Federal Reserve Chair Janet Yellen has been vexed by an inflation problem. Now, she is also vexed by an inflation expectations problem. Last week, she said (emphasis added):
Uncertainty concerning the outlook for inflation also reflects, in part, uncertainty about the behavior of those inflation expectations that are relevant to price setting. For two decades, inflation has been relatively stable, reacting less persistently than before to temporary factors like a recession or a swing in oil prices. The most convincing explanation for this stability, in my view, is that longer-term inflation expectations have remained quite stable. So it bears noting that some survey measures of longer-term inflation expectations have moved a little lower over the past couple of years, while proxies for these expectations inferred from financial market instruments like inflation-protected securities have moved down more noticeably. It is unclear whether these indicators point to a true decline in those inflation expectations that are relevant for price setting; for example, the financial market measures may reflect changing attitudes toward inflation risk more than actual inflation expectations. But the indicators have moved enough to get my close attention. If inflation expectations really are moving lower, that could call into question whether inflation will move back to 2 percent as quickly as I expect.
Subsequently, the University of Michigan's read on long-run inflation expectations plunged to a series low:
Just for reference, consider the behavior of inflation expectations during the last three tightening cycles:
Spot the odd man out.
This, one would think, should grab Yellen's attention. There is speculation of what this means for this week's FOMC statement. For example see here:
"The key thing to watch will be whether the Fed changes its language on inflation expectations" in the statement it publishes after its meeting, said Neil Dutta, head of U.S. economics at Renaissance Macro Research in New York.
They should change the language, but I don't think they will. The problem is that if the Fed acknowledges serious concern about declining inflation expectations, they have to deal with this line from the FOMC statement:
The Committee expects that economic conditions will evolve in a manner that will warrant only gradual increases in the federal funds rate; the federal funds rate is likely to remain, for some time, below levels that are expected to prevail in the longer run.
It makes no sense to show concern with the possibility of unanchored inflation expectations to the downside, while at the same time stating that you anticipate the next policy action will be a hike. If inflation expectations are no longer stable, then any rational central banker must act accordingly, and in this case, that means easing policy. Anything else is simply irrational, and the Fed should be called out for it.
Do any of us believe the Fed is about to ease policy?
Chicago Federal Reserve President Charles Evans opened the door to an easier policy stance by offering Evans Rule 2.0: Commit to holding steady on rates until core inflation has reached the Fed's inflation target. But think of how big of a leap that would be for the Fed. The Chair just gave a relatively optimistic outlook for the US economy, reiterating her belief that higher rates were coming. Up until the May employment report (a report that Yellen downplayed), policymakers were falling over each other to put the June meeting in play, pushing the message that was eventually revealed in the minutes of the April meeting. Unemployment is at 4.7 percent, a level generally believed within the Fed as consistent with full employment. Second-quarter growth looks to be respectable in the 2.0-2.5 percent range. The financial markets stabilized after a tumultuous first quarter. Oil prices moved higher. In short, there is a reason Fed officials put June into play.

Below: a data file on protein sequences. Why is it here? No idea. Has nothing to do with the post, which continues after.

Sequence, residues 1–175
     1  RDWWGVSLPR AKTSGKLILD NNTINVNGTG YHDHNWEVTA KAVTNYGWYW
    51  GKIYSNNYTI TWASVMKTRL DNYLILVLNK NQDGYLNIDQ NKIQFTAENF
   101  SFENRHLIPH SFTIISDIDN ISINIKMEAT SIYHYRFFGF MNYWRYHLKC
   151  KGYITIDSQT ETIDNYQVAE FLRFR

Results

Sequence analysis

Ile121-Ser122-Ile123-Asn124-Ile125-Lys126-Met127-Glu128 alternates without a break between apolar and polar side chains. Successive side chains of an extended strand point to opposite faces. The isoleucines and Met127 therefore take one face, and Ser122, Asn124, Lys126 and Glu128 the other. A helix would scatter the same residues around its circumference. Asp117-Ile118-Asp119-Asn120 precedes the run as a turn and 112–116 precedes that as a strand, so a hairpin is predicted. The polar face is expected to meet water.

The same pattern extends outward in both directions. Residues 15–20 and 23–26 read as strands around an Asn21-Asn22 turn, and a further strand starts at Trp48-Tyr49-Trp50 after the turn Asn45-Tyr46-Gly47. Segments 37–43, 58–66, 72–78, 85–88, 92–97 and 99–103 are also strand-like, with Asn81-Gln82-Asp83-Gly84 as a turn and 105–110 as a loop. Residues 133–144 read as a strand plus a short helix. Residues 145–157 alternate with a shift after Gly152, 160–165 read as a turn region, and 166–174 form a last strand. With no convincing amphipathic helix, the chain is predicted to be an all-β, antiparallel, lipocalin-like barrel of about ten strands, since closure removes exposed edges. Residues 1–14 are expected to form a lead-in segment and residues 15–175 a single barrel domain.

It's hard to see the Fed moving from "we plan to hike rates as early as June" to "rate hikes are off the table until inflation hits 2 percent" in just a few weeks. Moreover, adopting Evans Rule 2.0 would dramatically jack up the odds that the Fed would subsequently need to hit the inflation target from above. But the Fed has shown little willingness to consider anything other than hitting the target from below. A shift to Evans Rule 2.0 would take a sea change of sentiment at the Fed. I don't see it happening in just a few weeks on the basis of essentially one number.
So my expectation is that the Fed does not change its inflation expectations language in this week's FOMC statement. If they do, they have to understand that the market participants will price out rate hikes until 2017. I don't think they want this; I think, instead, the Fed will be working to keep July in play (a tall order, in my opinion).
There is now a natural press conference question to add to my existing list:
Chair Yellen, last week you said that inflation expectations were low enough to be on your radar. Now they have turned even lower, but the FOMC declined to acknowledge the weakness in this FOMC statement. Just how low do inflation expectations need to be before the Fed acts?
I would guess this is the first question for Yellen.
Bottom Line: It is reasonable to think the Fed will change their inflation expectations language at this week's FOMC meeting. Completely rational considering Yellen's comment last week. A comment that I suspect she now regrets. But a change to the language requires a policy response I don't think the Fed is ready to make. If I am wrong, if the Fed is much more dovish than recent comments, or the most recent minutes, suggest.